Articoli con tag: Neapolitan stories

The Ghost and the cap

a story of 1700


Not far from the catacombs of San Gennaro in Capodimonte there was a tavern.  One evening  two travellers  arrived near that crossing.

Chatting with a beautiful girl who served them, they began to speak about  the dead and their appearances; the girl said she felt  no fear, so much so – she said – while no one was going at that hour to draw water from the near  wood, because it was necessary to pass in front of the cemetery, she would have gone immediately.

Saying and doing was one matter, she took the bucket and went. Passing by the entrance of the caves, she saw in the middle, sitting on a tombstone, an old man with a long white beard, with a red cap on his head.

She mistook him for the groom of the tavern, she came near him  and took the cap from his head, saying: “I will  give it back to you, later at  home.” Returning, she learned that the groom had never moved, and in fact, he had  a red hat on his head.

At night the girl got into her room, bringing with her the cap of the mysterious old man; at midnight she heard a knock at the door and weak voice said: “Give me my cap, give me my cap.” The young girl opened, but saw no one, then she tried to throw the red cat out of the window, but it always came back.

For many nights the spirit came back to knock on the room and finally the girl went to confide in the parish priest, who decided to make a big procession.

The evening of the dead in fact, a great procession composed by the people of the neighboring houses, with crosses, images of saints and candles went to the catacombs of San Gennaro.

The old man was sitting on the tombstone bareheaded. Among  smoking incense, to the sound of hymns, the brave girl approached him, and put on his head  the much desired  red cap.

The  tombstone cover  then crashed open with a thunderclap and the man sank there.

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An Ancient Superstition

a tale by popular tradition


In 1500 there was in Naples, on  Ottocalli Square, a church dedicated to Saints John and Paul. The road was wide and free of buildings or houses.

In the middle of the road and right in front of the church, there was a marble column,  whose meaning or  origin nobody kew.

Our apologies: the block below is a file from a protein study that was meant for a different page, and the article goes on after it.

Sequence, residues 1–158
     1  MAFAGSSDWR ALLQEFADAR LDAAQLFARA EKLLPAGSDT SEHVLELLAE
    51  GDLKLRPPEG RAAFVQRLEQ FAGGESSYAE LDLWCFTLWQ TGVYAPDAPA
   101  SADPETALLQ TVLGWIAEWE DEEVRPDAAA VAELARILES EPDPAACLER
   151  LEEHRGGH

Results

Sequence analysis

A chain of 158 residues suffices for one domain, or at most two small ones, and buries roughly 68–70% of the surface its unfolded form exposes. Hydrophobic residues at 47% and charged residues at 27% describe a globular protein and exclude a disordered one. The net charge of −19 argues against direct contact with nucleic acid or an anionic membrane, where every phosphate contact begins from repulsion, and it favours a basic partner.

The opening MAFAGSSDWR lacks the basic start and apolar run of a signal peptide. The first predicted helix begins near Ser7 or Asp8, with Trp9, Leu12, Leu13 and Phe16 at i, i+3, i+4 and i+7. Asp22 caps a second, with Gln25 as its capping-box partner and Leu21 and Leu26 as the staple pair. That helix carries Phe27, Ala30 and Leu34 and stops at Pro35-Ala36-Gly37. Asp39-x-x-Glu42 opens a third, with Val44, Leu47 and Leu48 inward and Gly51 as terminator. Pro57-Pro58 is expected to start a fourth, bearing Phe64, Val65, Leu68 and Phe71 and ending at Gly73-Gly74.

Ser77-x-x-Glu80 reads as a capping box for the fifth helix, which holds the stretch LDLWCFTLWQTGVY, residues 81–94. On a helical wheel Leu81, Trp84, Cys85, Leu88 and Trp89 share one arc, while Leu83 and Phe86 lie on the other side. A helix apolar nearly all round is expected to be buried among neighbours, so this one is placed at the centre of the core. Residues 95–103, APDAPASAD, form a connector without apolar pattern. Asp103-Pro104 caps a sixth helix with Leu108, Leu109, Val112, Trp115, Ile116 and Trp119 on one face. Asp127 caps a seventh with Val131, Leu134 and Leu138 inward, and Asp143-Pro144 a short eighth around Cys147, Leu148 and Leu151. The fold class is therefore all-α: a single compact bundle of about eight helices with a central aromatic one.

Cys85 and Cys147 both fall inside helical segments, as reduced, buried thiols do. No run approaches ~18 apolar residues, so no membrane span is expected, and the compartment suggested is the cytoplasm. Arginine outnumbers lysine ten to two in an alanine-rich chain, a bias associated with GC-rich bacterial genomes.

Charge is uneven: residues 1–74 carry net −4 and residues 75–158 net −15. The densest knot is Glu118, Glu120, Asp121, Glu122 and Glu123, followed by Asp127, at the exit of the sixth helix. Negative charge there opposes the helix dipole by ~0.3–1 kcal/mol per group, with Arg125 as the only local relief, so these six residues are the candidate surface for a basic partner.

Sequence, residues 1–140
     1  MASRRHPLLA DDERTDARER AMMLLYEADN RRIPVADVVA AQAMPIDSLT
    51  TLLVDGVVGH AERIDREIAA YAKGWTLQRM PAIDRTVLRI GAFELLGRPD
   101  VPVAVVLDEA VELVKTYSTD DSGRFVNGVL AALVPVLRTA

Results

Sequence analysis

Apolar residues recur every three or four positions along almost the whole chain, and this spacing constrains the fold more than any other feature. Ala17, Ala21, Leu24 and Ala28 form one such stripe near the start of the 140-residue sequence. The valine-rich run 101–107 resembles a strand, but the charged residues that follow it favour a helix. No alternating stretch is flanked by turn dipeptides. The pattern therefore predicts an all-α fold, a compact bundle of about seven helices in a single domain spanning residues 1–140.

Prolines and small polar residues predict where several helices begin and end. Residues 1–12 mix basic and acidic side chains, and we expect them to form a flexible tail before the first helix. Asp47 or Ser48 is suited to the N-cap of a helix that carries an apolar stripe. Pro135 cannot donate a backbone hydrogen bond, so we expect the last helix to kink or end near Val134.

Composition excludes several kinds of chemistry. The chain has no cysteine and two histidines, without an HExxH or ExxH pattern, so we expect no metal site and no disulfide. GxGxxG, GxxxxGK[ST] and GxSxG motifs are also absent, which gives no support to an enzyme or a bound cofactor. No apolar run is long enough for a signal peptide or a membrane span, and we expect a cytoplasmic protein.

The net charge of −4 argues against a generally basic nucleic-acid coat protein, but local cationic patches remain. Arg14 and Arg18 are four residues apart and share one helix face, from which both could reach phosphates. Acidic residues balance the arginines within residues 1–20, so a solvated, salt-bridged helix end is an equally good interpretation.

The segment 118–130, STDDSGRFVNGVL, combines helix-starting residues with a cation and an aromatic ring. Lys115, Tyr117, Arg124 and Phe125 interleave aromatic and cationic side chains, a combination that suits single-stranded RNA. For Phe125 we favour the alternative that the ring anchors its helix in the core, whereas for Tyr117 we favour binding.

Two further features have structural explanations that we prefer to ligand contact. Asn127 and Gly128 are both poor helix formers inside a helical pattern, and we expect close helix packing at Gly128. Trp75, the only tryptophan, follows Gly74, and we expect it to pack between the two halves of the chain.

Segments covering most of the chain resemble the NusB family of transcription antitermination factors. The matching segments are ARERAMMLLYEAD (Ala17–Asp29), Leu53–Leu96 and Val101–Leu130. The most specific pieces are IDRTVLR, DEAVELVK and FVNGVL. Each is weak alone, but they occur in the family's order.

A meaning, however, was found by the locals, who, supported by the parish priest, attributed to the column a special power:  the one of causing rain or fine weather depending on the needs and demands of the people.

A superstition, but it went on for quite a while, till  Archbishop Annibale of Capua  banned it with a measure of 1590 and made even demolish and remove the column, so preventing any possibility of revival of the incredible superstition.

This is the custom of the Neapolitans. When farmers wanted some sun for  their fields and the weather, however, was not fine,  they went to the pastor of the church of St. John and Paul and asked him to organize a votive procession for obtaining a grace from heaven.

Then the pastor with all his followers  and citizens, ran from the right side around   the column and stopped  there to pray. Shortly after that, the sky got clear, the clouds disappeared and a bright sun  was shining in the sky with great joy of the Neapolitans.

If the request was for rain, being too hot and  crops ruined, the procession moved to the opposite direction, going around  from the left side  at  the sea side, they  told the planned prayer, and soon after it was pouring.


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Lovers Liars – by  E. Cossovich


How many adventures and of how many different kinds   often happen on Vesuvius!

It is said,  as two Englishmen, a gentleman and a young lady, together agreed to eternalize their love on the top of our mountain.

In front of  the steaming crater they renewed their oaths of constancy and fidelity, and calling witnesses  the elements, they  promised each other, that if any of them had been betrayed, the one would have thrown himself into the roaring crater.


But one year was not over,  that the fair lady gave her hand to a rich Neapolitan gentleman and the betrayed lover in despair rushed … into the  chasms of business and went to marry  a banker’s daughter, who swore less, but had more value

Vesuvius willingly gave up his victim, from which we can argue that  man (taken in its broadest sense) in England or elsewhere is always the same.

Categorie: English, Folk stories and tales | Tag: , , , , , | Lascia un commento

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